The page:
Why was such a publication wrong, and why do we have to be, in my view, so strict in such matters? It is not to protect the protagonists, who often are long-since departed, but to protect ourselves, to keep intact the priceless legacy we have inherited, the trust of the people we work for. Legally, I would be fully in my rights were I to publish accounts of meetings held long ago, but I know that a minister, casting eyes on my successor, would say to himself "take care, sooner or later it will come out", and some of the famous trust would be lost.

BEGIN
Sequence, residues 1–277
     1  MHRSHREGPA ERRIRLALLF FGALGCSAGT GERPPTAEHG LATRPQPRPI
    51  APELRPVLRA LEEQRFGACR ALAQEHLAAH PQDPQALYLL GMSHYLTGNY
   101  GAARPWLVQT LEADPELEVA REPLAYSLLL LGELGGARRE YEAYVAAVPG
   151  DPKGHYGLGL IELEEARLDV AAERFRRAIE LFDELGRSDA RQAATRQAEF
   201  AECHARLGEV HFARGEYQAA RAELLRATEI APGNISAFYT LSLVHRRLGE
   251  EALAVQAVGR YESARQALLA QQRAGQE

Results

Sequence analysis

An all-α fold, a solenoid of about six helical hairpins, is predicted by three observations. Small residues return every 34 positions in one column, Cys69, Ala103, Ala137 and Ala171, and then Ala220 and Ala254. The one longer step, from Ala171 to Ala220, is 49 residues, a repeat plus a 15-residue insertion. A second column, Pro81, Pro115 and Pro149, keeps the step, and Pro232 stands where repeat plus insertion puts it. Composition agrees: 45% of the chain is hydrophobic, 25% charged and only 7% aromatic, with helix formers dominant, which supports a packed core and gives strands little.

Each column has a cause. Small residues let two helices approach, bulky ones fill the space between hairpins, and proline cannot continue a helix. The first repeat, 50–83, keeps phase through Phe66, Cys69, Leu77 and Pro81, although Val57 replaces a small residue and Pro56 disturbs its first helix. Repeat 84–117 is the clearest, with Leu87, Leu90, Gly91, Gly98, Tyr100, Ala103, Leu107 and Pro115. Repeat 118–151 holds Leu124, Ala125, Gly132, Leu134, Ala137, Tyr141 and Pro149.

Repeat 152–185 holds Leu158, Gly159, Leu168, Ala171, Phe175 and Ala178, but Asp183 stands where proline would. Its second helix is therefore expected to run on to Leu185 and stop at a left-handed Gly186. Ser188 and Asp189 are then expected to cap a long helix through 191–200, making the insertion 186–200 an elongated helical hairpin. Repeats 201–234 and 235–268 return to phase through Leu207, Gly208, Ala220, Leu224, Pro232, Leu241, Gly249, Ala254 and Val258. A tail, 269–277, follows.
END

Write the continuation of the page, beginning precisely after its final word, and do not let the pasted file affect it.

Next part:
There are also people who tend to take a relative view of our secrecy obligation. It is true that secrets are often open secrets, that a secret shared by twenty people is no longer a secret, that others do not hesitate to be indiscreet... Such people however only take into consideration the interests of the protagonists or our obligations under law. They forget about our obligations to ourselves. We have a profession to protect, of which an intangible but vital asset is the certainty that NOTHING will EVER come out through the interpreters.

And that is one of the arguments I used at the Quai d'Orsay to justify the fact that priority was always given, when recruiting freelance interpreters, to members of AIIC, for they practised their profession in the framework of stringent ethical rules. The argument always carried weight. It is up to us to make sure that it continues to do so.

Recommended citation format:
Christopher THIERY. "Secrecy". December 17, 2007. Accessed July 7, 2020. <>.